The Canada Revenue Agency (CRA) has extended the tax filing and tax payment dates for Canadians due to the ongoing COVID-19 pandemic. While the extension gives you more time to compute your dues, Canadians can look at the below CRA tax breaks to reduce the amount of taxes.
Basic personal amount
According to the CRA, the basic personal amount (BPA) is a non-refundable tax credit that can be claimed by all individuals. The purpose of this tax break is to provide a full deduction from federal income tax to Canadians with taxable income below the BPA. In 2020, the BPA increased from $12,298 to $13,229 for individuals with a net income of $150,473 or less.
The Canada Pension Plan (CPP) is a pension program to help retires lead a comfortable life. However, you are eligible for a tax credit on CPP contributions, according to the CRA. The CPP contribution rate for 2020 is 5.25% for employees and employers up to an income of $58,700.
The maximum annual exemption is $3,500, which means individuals can contribute up to $2,898 toward the CPP. For self-employed individuals, the maximum CPP contribution doubles to $5,796.
So, if you earn over $58,700 in 2020, you multiple the total CPP contribution by 15% ($2,898*15%), which amounts to a tax break of $434.7.
The age amount is a tax break for residents over the age of 65. According to the Canada Revenue Agency, the total claim for seniors with a net income below $37,790 is $7,494. Further, CRA rules state that if the net income is between $37,790 and $87,750, the tax break amount will vary. There is no tax break for seniors earning over $87,750.
Home buyers amount
This CRA tax credit benefits first-time home buyers. Eligible Canadians can claim up to $5,000 under the home buyers tax break in the year they purchase a home.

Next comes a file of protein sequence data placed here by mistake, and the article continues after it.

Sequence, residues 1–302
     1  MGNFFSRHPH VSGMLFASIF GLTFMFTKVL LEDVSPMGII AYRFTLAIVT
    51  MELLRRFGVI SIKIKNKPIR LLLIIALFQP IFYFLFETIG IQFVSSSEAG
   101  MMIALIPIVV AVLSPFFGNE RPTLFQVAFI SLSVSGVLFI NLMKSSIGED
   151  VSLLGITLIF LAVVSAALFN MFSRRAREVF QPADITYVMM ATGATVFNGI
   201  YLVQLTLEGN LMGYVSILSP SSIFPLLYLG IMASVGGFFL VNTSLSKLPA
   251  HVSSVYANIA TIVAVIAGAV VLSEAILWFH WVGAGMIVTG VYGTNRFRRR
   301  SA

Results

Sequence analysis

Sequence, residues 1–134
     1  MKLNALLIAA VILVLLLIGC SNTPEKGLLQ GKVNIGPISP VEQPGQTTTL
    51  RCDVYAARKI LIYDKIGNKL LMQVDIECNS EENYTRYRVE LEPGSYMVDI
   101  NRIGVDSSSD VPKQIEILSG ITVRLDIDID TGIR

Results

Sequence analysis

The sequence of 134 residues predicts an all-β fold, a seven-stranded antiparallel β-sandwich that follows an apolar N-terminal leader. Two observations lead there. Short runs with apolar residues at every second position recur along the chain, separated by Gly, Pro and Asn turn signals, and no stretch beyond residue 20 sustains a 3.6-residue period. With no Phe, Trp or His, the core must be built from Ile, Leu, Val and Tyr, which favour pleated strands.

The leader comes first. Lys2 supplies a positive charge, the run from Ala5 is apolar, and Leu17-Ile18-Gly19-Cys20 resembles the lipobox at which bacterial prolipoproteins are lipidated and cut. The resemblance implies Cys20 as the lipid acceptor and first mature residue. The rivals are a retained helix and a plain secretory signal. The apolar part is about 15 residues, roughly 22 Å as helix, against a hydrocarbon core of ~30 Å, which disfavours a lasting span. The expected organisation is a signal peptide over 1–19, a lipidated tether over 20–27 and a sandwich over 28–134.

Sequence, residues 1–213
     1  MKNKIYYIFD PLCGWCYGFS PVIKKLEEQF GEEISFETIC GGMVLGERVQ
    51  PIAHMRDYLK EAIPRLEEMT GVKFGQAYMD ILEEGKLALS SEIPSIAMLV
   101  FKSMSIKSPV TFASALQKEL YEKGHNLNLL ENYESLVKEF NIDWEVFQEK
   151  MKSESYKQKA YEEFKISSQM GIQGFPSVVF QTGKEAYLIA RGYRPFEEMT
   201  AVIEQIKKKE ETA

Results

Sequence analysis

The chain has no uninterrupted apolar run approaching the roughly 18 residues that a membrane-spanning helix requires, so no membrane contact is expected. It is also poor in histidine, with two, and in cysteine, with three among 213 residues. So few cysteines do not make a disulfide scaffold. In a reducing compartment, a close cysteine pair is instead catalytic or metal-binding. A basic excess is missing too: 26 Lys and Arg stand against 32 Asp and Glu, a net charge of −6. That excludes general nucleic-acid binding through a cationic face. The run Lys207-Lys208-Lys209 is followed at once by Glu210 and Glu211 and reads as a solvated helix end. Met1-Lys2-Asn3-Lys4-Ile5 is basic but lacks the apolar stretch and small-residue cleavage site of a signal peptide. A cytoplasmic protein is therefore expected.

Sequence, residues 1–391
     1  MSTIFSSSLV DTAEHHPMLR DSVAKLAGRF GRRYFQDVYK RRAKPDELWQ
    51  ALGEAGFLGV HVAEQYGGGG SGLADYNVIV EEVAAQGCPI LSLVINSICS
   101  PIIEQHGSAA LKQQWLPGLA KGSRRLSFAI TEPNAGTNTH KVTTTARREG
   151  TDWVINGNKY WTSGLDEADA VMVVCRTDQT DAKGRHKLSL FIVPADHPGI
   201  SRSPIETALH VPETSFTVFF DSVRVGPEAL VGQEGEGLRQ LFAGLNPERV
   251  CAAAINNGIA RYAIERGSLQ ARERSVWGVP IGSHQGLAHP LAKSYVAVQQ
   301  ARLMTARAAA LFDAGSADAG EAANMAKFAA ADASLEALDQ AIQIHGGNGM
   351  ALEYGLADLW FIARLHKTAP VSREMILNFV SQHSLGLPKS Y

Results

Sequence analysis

CRA states RRSP contributions are tax-deductible
The contributions toward the registered retirement savings plans (RRSPs) are tax-deductible. In 2019, the RRSP contribution limit stood at $26,500 and for 2020 it has increased to $27,230. However, the deduction limit is calculated as the lesser of 18% of your pre-tax income and the contribution limit.
Once you have contributed to your RRSP, you can use this amount to buy quality stocks. Alternatively, for Canadians who do not have the time or expertise to pick individual stocks, investing in exchange-traded funds such as the Vanguard S&P 500 Index (TSX:VFV) is a safe bet.
ETFs diversify risk significantly, as they hold a basket of stocks across sectors. Further, the VFV ETF provides Canadian investors exposure to top companies south of the border. The U.S. market is a powerhouse of growth stocks and has several multi-billion-dollar companies.
The VFV tracks the S&P 500, one of the world’s most popular indexes. The S&P 500 has been one of the top-performing funds in the last decade due to a wide range of companies coupled with their ability to grow customer base and improve top-line rapidly.
As VFV is traded on the TSX, investors don’t have to sweat over exchange rate fluctuations. The ETF holds over 500 companies and provides investors with enough diversification.
Though its dividend yield is low at 1.5%, it has a stellar history of capital gains and has outperformed major Canadian ETFs as seen in the above chart.
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Fool contributor Aditya Raghunath has no position in any of the stocks mentioned.